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Mediterranea Inferno (XS)

Mediterranea Inferno (XS) - Review

by Lee Mehr , posted on 04 April 2024 / 1,876 Views

The COVID-19 pandemic left an indelible mark on the world.  Between mandatory lockdowns to the general anxiety of a contagious virus lying in wait, the way in which it affected once-standard human interaction still shows incredible ripple effects, even years after major spikes have subsided.  It's no surprise then that, given the pandemic's recent timeline (relatively speaking), visual novels would be among the most popular game genres to explore it in hindsight.  Apropos of its title, Mediterranea Inferno carries a blazing hatred for how those events robbed its protagonist trio's previous friendship and a part of their youth.

Known in the Italian party scene as "The Sun Guys," Claudio, Andrea, & Mida finally decide to regroup after two exasperating years sheltered away from each other.  With Claudio recently inheriting his grandfather's summer house in Southern Italy, the trio plan a weekend getaway.  Things take a turn for the stranger, as a mysterious genie named Madama offers them each a piece of a forbidden fruit (called "Mirages").  After signing off on a humorous Terms & Conditions form and having a taste, they enjoy a phantasmagorical trip like no other.  Whomever among them acquires four of said fruits by the end of Ferragosto, that weekend, is promised a trip to Heaven.

From the outset, writer/director/artist/composer Lorenzo Redaelli is doing some heavy lifting in having an audience connect with an unsympathetic cast.  One of the first shared qualities about this androgynous gay trio was the shared party life they had in Milan.  Casually hopping to an inherited villa for the weekend speaks to an upper-class lifestyle few can dare to reach, especially in the prime of their youth.  Ironically, the group's drama queen, Andrea, can't help but fume over using being in his mid 20s now.  But even after straining audience connection by airing so many first-world problems, there's still something there in tying these frustrations to an event we all suffered through.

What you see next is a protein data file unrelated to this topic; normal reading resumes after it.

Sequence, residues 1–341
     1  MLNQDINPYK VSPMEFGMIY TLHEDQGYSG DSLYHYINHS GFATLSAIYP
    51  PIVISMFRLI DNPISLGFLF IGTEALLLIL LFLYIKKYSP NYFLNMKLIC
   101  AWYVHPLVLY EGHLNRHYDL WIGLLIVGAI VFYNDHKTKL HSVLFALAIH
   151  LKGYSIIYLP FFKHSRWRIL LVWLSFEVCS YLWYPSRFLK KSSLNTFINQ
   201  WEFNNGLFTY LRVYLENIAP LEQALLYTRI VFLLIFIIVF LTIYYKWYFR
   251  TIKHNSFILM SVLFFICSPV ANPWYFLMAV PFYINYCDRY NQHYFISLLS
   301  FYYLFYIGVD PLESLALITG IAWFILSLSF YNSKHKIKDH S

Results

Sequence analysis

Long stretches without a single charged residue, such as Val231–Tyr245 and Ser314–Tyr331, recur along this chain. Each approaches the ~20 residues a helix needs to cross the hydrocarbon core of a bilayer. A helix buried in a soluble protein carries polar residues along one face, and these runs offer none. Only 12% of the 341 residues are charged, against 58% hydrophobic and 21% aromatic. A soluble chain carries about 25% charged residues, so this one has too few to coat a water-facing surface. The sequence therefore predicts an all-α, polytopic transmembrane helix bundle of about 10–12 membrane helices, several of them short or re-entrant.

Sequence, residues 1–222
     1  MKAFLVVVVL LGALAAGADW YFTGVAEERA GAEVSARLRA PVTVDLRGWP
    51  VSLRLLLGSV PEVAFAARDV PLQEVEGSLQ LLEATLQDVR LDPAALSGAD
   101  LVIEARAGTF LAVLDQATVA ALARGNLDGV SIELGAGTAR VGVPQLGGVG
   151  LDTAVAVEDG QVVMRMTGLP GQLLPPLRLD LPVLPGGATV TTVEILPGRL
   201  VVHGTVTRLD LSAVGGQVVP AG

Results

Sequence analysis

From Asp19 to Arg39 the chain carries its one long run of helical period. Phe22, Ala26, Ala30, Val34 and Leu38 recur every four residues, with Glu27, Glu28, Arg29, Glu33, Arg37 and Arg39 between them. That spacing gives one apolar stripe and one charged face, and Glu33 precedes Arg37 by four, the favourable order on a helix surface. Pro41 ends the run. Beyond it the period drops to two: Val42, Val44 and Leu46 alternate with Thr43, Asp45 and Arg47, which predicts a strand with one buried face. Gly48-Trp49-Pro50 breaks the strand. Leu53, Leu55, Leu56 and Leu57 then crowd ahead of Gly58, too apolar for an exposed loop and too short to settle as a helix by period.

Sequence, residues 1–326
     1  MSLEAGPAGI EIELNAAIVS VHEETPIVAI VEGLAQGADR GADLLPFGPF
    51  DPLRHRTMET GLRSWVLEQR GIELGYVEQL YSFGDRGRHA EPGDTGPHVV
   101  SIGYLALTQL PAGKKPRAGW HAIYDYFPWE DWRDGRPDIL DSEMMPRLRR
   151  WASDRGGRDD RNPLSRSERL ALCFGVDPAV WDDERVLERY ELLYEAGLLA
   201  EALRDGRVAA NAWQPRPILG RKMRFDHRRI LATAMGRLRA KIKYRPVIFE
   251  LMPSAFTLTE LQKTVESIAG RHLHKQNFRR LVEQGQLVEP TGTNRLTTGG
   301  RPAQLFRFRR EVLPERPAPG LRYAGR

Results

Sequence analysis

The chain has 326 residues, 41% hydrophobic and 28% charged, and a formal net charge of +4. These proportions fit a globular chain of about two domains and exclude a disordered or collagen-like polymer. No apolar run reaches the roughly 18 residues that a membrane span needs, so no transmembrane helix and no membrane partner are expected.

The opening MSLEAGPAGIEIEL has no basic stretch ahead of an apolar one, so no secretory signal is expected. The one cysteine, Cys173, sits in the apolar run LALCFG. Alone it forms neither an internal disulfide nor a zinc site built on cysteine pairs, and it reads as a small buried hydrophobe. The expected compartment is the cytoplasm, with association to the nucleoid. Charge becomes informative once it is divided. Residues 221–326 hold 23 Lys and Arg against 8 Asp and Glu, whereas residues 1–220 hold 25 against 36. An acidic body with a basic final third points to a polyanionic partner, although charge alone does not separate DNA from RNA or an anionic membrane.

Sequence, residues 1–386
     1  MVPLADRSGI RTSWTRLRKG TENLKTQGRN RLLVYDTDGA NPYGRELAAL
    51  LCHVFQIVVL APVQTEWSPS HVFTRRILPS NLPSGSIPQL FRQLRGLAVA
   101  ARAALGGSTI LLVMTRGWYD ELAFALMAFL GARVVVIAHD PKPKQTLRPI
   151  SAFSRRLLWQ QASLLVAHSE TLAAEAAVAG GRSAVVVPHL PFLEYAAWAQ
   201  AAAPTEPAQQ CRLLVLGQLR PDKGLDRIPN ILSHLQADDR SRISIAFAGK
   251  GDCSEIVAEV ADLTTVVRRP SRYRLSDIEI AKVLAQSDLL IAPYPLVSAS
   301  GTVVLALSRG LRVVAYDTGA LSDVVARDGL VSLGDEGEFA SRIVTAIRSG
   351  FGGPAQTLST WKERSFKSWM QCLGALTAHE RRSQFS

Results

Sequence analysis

Therein also lies the crux of this visual novel's binary choices: each person has a different idea about how they should reconnect.  Andrea's entire arc comes back to whetting his seemingly-insatiable sexual appetite – sometimes framed to the point of wild desperation; uncomfortable as those lurid images may be (regardless of one's sexuality), it's easy to relate to given the monochromatic box he'd cloistered himself in for so long.  Whereas Andrea drools over the sensual, both Claudio & Mida have more abstract musings about their places in life and what their futures hold, typically leading to different locales they'd like to visit.  Since their time is so limited, this means there will be winners and losers when it comes to who gets to spend summer coins on these delectable Mirages.